Many U.K. payday lenders charge interest rates of at least 1000% on an annual basis, typically charging 25% per month.15 Some consider them predatory and there has been recent backlash against spokespeople for these companies, including Montel Williams.16 As we reported in a prior article, the reputation of many cash advance and payday lenders has gotten so bad that Google will no longer display their advertisements.
Amazingly, the fraud went on for years, undetected by his supervisor, John Christopher Hughes, although the Financial Conduct Authority later stated that Hughes should have known and been a whistleblower on Adoboli’s actions. In fact, during the ensuing trial, Adoboli did indicate that his bosses were aware of the losses. But his attempt to throw his superiors under the bus in exchange for a lesser sentence didn’t work.
Adoboli’s Fall: The Fraud Confession
Adoboli finally realized the gig was up when he sent an email to his boss saying “I take full responsibility for my actions and the sh%$storm that is about to ensue.”17 He had foreshadowed that something was amiss when he updated his Facebook page’s profile confessing, ‘I Need a Miracle’.18
As a result of his actions, Adoboli was convicted on two counts of fraud in November 2012.19 Consequently, he was sentenced to seven years in a U.K. prison, although he ended up serving less than half the time.20 Adoboli began serving his sentence during the trial, and spent nine months in jail. Upon conviction, he was transferred an island prison where he spent and ended with a stint in a lower security, immigration detention center.21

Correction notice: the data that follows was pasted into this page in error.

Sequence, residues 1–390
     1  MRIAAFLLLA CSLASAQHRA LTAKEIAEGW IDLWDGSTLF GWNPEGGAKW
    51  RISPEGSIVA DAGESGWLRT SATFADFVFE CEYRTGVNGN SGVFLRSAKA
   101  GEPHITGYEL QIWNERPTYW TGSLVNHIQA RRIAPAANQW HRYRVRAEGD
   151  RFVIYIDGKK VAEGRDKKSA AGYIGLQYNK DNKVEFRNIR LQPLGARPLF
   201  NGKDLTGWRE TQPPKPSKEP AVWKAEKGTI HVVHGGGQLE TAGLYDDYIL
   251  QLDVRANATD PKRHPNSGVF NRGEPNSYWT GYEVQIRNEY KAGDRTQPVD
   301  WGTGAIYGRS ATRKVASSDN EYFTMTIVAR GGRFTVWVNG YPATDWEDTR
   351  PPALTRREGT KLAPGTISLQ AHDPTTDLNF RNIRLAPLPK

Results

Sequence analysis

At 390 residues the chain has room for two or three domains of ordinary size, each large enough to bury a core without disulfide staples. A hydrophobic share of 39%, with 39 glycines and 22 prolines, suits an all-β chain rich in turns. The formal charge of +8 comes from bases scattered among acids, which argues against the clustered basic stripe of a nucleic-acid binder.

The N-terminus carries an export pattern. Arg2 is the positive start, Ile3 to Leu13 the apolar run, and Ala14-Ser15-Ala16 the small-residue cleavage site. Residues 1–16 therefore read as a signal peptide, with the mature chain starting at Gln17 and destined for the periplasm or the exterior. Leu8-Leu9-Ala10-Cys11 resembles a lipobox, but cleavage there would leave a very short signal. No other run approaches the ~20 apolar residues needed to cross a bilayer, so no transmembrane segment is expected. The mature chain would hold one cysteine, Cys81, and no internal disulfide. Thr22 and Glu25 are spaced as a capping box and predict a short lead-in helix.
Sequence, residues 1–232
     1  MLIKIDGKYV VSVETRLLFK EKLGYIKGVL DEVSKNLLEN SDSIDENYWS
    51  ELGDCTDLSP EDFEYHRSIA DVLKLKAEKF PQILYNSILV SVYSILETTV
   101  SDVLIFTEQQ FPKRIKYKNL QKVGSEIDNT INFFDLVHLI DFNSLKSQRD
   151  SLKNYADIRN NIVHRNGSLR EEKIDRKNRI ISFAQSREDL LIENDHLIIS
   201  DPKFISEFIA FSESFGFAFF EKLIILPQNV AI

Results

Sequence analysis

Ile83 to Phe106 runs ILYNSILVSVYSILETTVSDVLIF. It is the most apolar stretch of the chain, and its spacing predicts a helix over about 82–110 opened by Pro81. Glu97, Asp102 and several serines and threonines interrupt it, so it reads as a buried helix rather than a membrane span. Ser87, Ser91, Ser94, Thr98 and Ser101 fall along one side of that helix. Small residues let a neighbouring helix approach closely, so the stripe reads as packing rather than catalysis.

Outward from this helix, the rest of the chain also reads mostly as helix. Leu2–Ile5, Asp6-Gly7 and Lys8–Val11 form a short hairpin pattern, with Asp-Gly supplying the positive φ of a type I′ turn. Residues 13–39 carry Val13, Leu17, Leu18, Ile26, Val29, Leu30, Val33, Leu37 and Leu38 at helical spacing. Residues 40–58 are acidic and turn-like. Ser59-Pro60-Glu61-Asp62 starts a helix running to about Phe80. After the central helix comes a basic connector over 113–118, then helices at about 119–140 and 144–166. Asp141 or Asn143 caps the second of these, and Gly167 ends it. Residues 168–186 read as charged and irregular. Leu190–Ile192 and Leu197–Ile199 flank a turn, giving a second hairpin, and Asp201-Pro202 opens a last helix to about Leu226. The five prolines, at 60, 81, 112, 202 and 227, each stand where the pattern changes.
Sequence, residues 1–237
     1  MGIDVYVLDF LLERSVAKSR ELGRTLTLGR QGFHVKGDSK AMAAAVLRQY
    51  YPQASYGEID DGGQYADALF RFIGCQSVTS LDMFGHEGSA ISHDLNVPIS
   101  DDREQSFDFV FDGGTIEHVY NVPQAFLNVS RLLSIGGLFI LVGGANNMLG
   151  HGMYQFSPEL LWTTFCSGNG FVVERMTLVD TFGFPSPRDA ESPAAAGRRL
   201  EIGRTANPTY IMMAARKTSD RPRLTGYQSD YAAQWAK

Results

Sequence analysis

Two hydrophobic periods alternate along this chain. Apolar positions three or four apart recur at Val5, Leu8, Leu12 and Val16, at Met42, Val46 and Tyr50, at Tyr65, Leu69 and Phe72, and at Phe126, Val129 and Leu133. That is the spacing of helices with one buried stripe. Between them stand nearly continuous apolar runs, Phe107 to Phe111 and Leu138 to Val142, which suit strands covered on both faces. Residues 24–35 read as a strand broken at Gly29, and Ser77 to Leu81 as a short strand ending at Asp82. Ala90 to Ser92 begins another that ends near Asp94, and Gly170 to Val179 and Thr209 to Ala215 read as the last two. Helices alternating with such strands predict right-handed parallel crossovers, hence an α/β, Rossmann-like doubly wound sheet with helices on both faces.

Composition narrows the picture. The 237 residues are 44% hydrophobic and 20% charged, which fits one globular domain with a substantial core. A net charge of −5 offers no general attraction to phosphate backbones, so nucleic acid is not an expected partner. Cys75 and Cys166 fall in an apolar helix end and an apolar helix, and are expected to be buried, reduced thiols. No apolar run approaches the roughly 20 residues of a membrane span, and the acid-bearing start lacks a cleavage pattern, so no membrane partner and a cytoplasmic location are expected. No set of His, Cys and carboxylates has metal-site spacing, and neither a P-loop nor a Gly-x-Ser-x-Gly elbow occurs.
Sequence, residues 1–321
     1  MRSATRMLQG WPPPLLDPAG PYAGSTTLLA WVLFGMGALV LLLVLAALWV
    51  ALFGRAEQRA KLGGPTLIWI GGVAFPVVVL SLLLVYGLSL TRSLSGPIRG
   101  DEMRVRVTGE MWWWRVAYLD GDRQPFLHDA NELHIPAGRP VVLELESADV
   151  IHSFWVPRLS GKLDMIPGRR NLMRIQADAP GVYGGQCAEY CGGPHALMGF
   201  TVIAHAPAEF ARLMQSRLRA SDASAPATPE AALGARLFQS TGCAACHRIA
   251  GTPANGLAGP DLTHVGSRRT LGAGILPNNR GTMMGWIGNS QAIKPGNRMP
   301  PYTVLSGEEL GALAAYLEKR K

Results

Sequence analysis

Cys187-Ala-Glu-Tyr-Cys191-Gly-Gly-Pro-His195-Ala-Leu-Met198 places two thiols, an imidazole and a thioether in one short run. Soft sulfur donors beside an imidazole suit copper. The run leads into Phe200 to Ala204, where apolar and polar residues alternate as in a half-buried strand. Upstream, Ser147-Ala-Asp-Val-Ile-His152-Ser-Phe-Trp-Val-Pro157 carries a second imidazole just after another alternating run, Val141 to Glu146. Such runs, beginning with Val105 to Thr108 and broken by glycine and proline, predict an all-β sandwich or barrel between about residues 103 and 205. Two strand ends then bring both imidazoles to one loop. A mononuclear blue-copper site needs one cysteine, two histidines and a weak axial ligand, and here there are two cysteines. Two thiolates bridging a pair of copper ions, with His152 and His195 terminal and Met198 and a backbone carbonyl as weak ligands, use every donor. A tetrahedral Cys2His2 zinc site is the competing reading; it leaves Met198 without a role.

Similarities to the Original Rogue Trader
There are some interesting similarities between Adoboli and Nick Leeson, whose rogue trading took down Britain’s Barings Bank in the 1980s. Like Leeson, Adoboli cut his teeth working in the back office of a European bank, and then was promoted to trader. Leeson started working at a Barclay’s office in Indonesia and proved his mettle straightening out a back office mess. He was then promoted to trader in Singapore where he doubled as the operations department.